As soon as this round of antibiotics is finished, I would highly recommend an extended course of children's probiotics- chewable, or capsules if she can handle them. Then do your research on a Candida control program. It will be an uphill battle, but nothing like what she would face in later years. In the meantime, introducing the child to herb teas, sweetened with a little Stevia would be a good way to make the transition to natural support. For starters, I'd focus on Chamomile to ease the irritability, Peppermint to calm the stomach and improve digestion, and Dandelion to gently aid elimination. These are all easy to grow or find, and it might help her have fun with what she's drinking if she actually sees the herbs and picks a few leaves to use rather than always using teabags.

Q. I attended your seminar in Indianapolis this past April and I purchased Comfrey tincture-a fabulous product! I really liked your formula with glycerin and alcohol and wondered if you would share your recipe with me. (I do have your book and attempted to make Comfrey tincture BUT let's just say I discovered another way NOT to make it.) I hope to use fresh root this time instead of dried. Do I wait till the plant is finished flowering before digging the root? Will other root type tinctures turn out as well using glycerin and alcohol? I know you went over it in class, but can you remind me how to respond to my friends who tell me that they've heard that Comfrey shouldn't be taken internally and can cause liver problems.

A. Comfrey is almost uniquely suited to glycerin extraction, really. Most of its actives are readily water soluble and chemically compatible with glycerin, unlike many other herbs with higher alkaloid or resin content. In my opinion, alcohol is generally far superior to glycerin for extraction of most herbs, at least by simple maceration. In the case of Comfrey, only the minimum alcohol is necessary for good preservation.

The menstruum I use to tincture dried Comfrey root is made of one part vegetable glycerin, one part 100 proof vodka and two parts distilled water. The water fraction should be reduced to 1 part if fresh root is used. The best fresh root is available just after the first frost when the tops die back, but usable roots can be dug anytime the plant is not in flower. A good working ratio of dried Comfrey root to menstruum is 1:12. For fresh root, try 1:8.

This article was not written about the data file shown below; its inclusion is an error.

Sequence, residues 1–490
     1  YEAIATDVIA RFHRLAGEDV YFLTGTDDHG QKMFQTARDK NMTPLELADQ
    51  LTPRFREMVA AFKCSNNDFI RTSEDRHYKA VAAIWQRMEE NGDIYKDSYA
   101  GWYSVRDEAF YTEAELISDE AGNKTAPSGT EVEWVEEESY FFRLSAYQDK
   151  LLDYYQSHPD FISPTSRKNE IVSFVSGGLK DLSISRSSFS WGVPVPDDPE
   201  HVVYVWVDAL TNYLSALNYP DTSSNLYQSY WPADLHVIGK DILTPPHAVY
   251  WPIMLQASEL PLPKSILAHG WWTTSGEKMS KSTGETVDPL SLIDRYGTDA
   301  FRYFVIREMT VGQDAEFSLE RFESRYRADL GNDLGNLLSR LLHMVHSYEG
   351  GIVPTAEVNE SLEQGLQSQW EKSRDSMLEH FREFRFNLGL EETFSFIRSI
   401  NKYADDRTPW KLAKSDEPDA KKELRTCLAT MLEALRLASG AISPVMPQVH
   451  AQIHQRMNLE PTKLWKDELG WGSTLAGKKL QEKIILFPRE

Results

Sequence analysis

The Comfrey controversy centers on the presence of a single chemical called pyrollizidine alkaloid-PA for short. One published study indicated that when PA is extracted, concentrated and fed to rats in massive quantities, liver cell overgrowths were detected. No study that I have ever found has indicated any credible causal relationship between the whole herb- whether root or leaf-and liver problems. My advice is that you certainly shouldn't try to extract or consume PA. Instead, use the whole herb with its balanced chemistry as God designed it. He knows what He's doing.

Treated with respect, as all herbs should be, Comfrey is, in my opinion, absolutely benign and incredibly beneficial. The choice to use herbs is a personal one, though, as is the responsibility for those choices. I would personally consider my liver safer from a gallon of Comfrey tea than from two tablets of ibuprofen. I would seldom consume that much Comfrey, and even less frequently take a couple of Advil, but neither would cause me grave concern.

Q. I'm hunting for a few good book recommendations. I don't really understand the yin/yang, heat/damp, wind, fire, and water thing of Eastern origin. Do you have a few favorites you can recommend?

A. Inscrutable. There's a good reason why that word is almost synonymous with most things Chinese. Trying to wrap our Western linear-thinking minds around the very circuitous philosophies of Traditional Chinese Medicine can be extremely challenging. Michael Tierra has done much to apply TCM principles to Western Herbology, and any of his books might help bridge the gap. If you really want to try to grasp the concepts on a deeper more intuitive level, then I would recommend starting with a couple of months of quiet time and the book Between Heaven and Earth by Efrem Korngold and Harriet Beinfield. It was published in the early 1990's, and I'm not sure if it's still in print, but I'm sure you can still find it on eBay and el